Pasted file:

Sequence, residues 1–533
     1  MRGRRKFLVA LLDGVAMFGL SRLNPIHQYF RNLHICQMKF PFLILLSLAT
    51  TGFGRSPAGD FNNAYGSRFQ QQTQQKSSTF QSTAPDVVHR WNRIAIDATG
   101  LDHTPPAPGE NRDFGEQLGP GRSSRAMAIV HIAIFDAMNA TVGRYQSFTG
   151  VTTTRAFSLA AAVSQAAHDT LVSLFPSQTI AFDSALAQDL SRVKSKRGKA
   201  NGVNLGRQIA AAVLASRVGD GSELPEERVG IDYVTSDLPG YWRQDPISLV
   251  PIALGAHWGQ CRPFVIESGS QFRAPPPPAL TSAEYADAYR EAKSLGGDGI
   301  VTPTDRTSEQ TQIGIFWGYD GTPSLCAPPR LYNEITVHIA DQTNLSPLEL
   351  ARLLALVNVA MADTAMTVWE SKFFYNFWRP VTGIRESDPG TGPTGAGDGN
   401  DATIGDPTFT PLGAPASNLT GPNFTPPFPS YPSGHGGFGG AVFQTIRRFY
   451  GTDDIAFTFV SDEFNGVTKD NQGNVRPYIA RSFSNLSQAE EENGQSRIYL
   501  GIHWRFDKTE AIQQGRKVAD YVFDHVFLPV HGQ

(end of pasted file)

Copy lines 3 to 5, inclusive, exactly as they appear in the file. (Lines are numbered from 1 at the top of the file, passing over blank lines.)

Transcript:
    51  TGFGRSPAGD FNNAYGSRFQ QQTQQKSSTF QSTAPDVVHR WNRIAIDATG
   101  LDHTPPAPGE NRDFGEQLGP GRSSRAMAIV HIAIFDAMNA TVGRYQSFTG
   151  VTTTRAFSLA AAVSQAAHDT LVSLFPSQTI AFDSALAQDL SRVKSKRGKA